Oil prices rose for a fourth consecutive session today, although worries over a persistent global supply glut still lingered.
Brent crude futures, the international benchmark for oil prices, gained 35 cents, or 0.7%, to stand at $46.18 a barrel.
US West Texas Intermediate (WTI) crude futures were up 30 cents, or 0.7%, at $43.68 a barrel.
The gains mean the market is up slightly so far this week, after spending much of the last month in negative territory.
"Oil may be close to the bottom but badly damaged sentiment and a rising (US) rig count will dent the recovery," US bank Citi said today.
The Organisation of the Petroleum Exporting Countries (OPEC) and its partners have been trying to reduce a global crude glut with production cuts.
OPEC nations and 11 other exporters agreed in May to extend cuts of 1.8 million barrels per day (bpd) until March 2018.
Despite the cuts, which started in January, markets remain well supplied due to rising output elsewhere.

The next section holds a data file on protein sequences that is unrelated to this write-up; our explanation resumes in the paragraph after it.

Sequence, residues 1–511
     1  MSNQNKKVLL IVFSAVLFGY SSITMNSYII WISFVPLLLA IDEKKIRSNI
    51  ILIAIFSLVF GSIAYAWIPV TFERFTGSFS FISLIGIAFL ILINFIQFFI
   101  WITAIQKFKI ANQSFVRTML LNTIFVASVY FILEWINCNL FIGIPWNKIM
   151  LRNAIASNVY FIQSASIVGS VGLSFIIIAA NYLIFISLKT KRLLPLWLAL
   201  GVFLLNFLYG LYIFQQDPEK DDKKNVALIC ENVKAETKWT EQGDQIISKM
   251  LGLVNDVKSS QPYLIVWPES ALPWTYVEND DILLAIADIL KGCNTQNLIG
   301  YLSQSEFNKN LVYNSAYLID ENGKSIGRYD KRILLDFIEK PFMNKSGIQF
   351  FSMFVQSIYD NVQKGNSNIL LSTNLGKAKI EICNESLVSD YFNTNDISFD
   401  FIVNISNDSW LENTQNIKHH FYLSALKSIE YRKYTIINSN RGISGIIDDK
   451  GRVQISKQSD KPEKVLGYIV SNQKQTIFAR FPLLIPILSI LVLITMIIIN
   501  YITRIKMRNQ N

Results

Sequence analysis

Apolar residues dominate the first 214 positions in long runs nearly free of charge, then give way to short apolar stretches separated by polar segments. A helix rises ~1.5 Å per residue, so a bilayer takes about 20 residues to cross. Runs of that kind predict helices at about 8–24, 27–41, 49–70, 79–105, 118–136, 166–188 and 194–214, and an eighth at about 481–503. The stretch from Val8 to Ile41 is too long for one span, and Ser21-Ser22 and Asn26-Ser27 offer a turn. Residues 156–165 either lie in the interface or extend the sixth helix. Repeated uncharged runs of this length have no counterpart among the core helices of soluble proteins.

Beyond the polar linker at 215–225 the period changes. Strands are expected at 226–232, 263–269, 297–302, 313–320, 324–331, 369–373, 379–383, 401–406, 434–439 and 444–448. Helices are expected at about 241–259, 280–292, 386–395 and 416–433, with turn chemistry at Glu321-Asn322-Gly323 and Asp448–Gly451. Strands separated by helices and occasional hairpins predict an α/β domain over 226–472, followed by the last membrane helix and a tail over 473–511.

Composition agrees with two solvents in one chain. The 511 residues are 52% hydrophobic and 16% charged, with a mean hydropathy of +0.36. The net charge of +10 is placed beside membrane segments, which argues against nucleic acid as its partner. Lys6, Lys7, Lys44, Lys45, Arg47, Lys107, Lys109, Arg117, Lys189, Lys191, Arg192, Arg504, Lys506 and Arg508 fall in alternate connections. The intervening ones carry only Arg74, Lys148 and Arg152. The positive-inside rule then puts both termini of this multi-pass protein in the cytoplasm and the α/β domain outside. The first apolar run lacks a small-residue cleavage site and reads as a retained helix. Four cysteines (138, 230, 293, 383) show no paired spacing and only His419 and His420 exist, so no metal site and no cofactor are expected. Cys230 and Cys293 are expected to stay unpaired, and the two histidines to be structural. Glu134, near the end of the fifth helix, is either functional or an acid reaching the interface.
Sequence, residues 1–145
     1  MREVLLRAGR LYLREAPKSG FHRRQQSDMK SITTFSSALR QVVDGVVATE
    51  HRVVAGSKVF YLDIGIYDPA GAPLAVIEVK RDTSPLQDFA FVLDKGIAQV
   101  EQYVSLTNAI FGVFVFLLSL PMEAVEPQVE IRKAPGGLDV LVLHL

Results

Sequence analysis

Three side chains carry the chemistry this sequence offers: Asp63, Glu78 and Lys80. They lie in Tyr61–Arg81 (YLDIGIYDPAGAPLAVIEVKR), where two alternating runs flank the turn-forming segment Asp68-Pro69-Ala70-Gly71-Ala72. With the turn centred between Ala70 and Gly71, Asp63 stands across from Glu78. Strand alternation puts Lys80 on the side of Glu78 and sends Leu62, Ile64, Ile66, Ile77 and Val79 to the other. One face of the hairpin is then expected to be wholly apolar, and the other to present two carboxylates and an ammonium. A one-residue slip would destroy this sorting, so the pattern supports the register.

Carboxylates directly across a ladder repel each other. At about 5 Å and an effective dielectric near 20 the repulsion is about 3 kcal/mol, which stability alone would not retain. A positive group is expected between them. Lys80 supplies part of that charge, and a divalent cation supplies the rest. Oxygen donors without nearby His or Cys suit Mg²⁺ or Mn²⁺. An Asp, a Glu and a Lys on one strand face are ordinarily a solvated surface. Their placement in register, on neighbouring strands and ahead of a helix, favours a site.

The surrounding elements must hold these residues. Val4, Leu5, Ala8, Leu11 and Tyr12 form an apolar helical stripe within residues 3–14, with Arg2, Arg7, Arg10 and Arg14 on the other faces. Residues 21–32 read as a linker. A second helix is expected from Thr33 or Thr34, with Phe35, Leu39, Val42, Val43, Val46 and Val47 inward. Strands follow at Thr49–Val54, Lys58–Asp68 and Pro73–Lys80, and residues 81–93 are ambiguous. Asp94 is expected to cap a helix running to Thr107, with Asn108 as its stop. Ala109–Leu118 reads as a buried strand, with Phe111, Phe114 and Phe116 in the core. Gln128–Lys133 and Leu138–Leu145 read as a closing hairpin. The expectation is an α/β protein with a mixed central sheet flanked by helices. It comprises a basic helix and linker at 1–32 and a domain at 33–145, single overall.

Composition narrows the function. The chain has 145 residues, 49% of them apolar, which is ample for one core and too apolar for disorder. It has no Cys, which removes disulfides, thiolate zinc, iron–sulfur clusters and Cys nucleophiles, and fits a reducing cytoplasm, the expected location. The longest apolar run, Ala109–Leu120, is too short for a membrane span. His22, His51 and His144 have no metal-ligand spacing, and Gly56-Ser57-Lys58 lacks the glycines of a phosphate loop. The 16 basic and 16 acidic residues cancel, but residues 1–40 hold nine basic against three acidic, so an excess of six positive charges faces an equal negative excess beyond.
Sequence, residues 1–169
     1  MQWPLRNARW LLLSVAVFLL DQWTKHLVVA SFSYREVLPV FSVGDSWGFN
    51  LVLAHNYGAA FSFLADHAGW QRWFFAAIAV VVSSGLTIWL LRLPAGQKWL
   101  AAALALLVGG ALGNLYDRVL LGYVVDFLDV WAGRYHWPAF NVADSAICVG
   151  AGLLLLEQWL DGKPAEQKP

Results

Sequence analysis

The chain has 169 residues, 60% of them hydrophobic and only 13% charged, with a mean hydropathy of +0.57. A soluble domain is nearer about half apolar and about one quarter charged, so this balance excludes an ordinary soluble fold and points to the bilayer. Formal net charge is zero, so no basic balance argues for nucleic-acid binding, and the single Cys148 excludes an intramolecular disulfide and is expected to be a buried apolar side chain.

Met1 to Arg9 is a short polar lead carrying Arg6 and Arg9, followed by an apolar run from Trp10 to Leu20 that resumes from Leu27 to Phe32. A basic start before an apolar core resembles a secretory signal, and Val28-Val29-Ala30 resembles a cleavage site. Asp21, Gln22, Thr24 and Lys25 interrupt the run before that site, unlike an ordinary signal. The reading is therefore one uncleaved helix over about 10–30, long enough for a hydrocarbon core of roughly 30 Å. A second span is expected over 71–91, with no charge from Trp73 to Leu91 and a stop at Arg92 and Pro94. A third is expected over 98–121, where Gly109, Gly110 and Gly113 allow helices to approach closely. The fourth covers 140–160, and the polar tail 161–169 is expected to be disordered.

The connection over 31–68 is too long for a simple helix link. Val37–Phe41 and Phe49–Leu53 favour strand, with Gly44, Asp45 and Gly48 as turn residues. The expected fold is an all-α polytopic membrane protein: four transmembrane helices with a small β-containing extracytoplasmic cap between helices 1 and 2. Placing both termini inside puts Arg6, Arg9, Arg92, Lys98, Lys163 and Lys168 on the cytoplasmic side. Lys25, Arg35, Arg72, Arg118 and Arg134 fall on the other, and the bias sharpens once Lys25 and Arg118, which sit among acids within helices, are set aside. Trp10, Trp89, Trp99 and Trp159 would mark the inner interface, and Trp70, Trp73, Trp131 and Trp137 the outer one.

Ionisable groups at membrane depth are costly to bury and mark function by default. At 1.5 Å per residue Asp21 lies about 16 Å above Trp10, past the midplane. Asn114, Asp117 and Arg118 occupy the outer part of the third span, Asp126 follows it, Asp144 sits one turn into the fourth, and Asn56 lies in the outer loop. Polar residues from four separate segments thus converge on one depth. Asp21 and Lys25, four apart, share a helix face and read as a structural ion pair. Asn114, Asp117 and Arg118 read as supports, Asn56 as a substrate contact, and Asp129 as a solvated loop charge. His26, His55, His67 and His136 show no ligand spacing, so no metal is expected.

OPEC members Nigeria and Libya are exempt from the cuts and have raised production. OPEC member Iran was also allowed a small increase to recover market share lost under Western sanctions over its nuclear programme.
US shale oil output has risen about 10% since last year to 9.4 million bpd, with the number of US oil rigs in operation at the highest in more than three years.
Analysts said demand was not growing quickly enough to absorb output, especially since imports in Asia are stuttering.
A fuel glut in China, a hangover from demonetisation in India, and an ageing, declining population in Japan are holding back crude oil demand growth in three of the world's top four oil buyers.